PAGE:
PEQUOT LAKES -- The leadership of Pine Tree District, Central Minnesota Council, Boy Scouts of America announced the presentation of Eagle Scout to two local Scouts from Troop 102, Pequot Lakes American Legion.
Jack Benson and Erik Huseby were presented their Eagle Scout ranks at a court of honor Nov. 4 at the Pelican Lakes Conservation Club, Scoutmaster Chad Hansen reported in a news release.
Eagle Scout is the highest rank a Scout can earn as a member of a Scouts BSA Troop.
Both Huseby and Benson started their journey in Scouting in the first grade as Tiger Cubs in Pequot with Pack 102 and progressed through the program, earning their Arrow of Light as Cub Scouts and then becoming members of Troop 102.
For his Eagle project, Huseby built and installed six benches for the conservation club. Benson’s project was land restoration and tree planting at the Sibley Lake Park.
“I’ve been going to the park for eight to 10 years and it’s great to see the change and improvement to the community that my project has made,” said Benson in a news release.
Both Scouts commented on the great feeling they got as they saw their fellow Scouts and volunteers come together to help them accomplish their project.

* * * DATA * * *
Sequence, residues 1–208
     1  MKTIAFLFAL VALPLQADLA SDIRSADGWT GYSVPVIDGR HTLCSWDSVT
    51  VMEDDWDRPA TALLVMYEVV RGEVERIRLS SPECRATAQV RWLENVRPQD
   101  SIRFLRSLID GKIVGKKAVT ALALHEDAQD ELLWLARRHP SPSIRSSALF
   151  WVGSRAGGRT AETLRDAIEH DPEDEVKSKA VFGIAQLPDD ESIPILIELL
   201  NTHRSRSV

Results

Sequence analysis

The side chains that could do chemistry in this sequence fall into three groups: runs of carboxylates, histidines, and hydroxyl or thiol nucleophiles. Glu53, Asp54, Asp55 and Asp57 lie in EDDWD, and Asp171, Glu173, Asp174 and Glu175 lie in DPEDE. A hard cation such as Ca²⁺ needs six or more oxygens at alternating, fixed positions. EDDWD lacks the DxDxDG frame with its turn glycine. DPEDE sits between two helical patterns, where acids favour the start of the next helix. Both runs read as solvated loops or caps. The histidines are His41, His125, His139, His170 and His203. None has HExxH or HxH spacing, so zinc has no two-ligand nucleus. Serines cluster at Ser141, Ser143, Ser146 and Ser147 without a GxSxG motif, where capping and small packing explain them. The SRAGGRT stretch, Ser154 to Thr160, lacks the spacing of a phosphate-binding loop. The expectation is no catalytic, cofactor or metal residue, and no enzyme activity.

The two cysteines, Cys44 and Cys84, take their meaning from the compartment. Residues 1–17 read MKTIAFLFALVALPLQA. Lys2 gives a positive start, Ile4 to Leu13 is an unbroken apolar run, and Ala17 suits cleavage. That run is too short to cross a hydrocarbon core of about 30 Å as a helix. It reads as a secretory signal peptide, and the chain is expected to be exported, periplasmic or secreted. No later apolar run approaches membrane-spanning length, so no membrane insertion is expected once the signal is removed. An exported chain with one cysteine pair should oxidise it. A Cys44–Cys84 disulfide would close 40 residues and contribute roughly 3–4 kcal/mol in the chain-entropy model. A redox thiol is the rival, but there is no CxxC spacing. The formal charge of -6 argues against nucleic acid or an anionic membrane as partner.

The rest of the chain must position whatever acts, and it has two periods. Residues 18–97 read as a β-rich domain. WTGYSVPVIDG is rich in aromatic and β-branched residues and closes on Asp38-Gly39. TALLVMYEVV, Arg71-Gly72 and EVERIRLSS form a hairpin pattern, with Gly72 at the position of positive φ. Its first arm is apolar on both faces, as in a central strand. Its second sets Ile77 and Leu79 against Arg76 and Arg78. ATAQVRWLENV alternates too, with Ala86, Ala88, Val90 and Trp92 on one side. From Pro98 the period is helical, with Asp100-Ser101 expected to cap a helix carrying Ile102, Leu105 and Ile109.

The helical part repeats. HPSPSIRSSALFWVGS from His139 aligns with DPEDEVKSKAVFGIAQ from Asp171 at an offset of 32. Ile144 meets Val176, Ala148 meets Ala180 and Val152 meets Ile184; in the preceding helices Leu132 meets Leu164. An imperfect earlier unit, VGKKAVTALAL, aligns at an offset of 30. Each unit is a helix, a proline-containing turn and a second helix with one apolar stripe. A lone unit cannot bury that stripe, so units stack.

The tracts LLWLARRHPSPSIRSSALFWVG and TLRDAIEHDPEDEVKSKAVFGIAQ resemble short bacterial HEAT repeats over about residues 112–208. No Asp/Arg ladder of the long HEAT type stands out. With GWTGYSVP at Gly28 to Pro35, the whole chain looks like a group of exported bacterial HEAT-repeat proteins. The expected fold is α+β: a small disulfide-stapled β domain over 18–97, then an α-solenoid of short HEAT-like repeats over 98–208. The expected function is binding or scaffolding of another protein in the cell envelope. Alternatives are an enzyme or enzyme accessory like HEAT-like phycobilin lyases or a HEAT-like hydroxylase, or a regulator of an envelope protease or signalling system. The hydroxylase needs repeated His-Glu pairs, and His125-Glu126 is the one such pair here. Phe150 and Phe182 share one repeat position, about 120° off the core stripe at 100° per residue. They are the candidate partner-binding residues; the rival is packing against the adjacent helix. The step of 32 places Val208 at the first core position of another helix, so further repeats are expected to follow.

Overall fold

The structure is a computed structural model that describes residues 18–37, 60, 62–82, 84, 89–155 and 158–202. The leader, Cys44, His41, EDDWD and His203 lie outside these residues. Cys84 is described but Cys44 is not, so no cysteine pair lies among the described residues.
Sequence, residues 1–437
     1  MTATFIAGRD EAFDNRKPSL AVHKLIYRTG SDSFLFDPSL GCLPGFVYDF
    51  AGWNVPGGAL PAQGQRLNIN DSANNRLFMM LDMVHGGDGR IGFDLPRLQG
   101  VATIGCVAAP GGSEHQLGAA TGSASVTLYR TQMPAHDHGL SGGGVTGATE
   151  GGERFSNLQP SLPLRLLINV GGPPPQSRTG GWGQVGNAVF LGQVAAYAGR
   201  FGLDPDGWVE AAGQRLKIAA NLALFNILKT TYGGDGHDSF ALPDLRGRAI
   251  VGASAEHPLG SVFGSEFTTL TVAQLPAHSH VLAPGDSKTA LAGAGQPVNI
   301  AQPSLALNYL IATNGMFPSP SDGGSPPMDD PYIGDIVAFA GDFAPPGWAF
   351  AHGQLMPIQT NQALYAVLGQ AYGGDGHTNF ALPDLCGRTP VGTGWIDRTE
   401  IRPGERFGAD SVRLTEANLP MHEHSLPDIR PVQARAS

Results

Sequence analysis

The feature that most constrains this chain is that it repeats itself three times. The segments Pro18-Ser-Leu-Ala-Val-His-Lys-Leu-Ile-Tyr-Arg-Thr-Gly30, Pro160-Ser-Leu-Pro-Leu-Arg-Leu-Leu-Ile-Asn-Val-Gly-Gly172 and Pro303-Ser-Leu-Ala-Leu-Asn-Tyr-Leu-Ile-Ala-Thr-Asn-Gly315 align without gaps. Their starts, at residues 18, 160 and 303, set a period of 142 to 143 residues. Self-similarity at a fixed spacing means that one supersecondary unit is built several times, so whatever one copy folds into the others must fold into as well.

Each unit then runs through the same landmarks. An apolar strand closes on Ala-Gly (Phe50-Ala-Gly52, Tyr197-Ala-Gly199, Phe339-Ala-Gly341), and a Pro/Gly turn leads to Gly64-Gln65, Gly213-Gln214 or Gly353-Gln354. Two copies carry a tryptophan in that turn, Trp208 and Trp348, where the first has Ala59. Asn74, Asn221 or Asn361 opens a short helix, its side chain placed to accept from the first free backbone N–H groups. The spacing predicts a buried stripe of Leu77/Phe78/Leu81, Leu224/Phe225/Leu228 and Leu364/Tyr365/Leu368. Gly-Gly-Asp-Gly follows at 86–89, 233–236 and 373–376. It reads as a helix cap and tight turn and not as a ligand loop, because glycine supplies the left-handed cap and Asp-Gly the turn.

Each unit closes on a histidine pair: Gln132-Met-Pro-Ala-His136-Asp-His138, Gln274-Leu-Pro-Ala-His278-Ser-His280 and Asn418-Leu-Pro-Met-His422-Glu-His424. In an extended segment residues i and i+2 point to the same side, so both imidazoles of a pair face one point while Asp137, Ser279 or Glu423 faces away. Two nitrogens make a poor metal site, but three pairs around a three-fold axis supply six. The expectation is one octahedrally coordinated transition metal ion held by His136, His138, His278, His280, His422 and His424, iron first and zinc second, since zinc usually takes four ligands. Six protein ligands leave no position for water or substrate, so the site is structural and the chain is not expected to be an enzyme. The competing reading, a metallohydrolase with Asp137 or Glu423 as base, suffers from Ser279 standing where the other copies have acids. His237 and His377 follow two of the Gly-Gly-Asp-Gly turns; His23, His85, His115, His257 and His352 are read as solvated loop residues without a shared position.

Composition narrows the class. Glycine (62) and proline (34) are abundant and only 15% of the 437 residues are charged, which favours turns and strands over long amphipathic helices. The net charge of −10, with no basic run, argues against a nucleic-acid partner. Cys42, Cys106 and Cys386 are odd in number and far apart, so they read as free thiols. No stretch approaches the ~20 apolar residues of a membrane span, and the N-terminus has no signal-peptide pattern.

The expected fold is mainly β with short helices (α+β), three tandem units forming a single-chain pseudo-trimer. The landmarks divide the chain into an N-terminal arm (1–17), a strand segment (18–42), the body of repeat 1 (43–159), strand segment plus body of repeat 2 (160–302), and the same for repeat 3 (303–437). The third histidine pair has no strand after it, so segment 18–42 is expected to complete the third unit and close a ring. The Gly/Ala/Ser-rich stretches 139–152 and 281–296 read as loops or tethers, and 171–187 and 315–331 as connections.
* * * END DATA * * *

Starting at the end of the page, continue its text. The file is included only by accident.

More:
For an Eagle Scout project, it is not about the Scout doing the work. The biggest point of the project, other than showing support for their community, is the Scout providing the leadership for the project. They are the driving force from the planning to the completion of the project. They must document how they came up with the plan for the project, how they are going to raise the necessary funds, who they are going to get to work on the project, when they are going to get the project done and then document each and every step of the project.
The Scout has from when they join the troop until their 18th birthday to earn Eagle Scout. They must earn all of the ranks leading up to the Eagle and, with that, they must earn 21 merit badges, 11 of which must come from the required Eagle list. They must be in a leadership position in their troop and live by the Scout Oath and Law in their daily lives. The final step on their journey is appearing before a board of review at the district level and prove to the board that they have completed all of the requirements.
“My piece of advice for all the Scouts on the trail to Eagle is don’t wait to get this done,” said Huseby in a news release.
For more information about becoming a Scout, visit www.BSACMC.org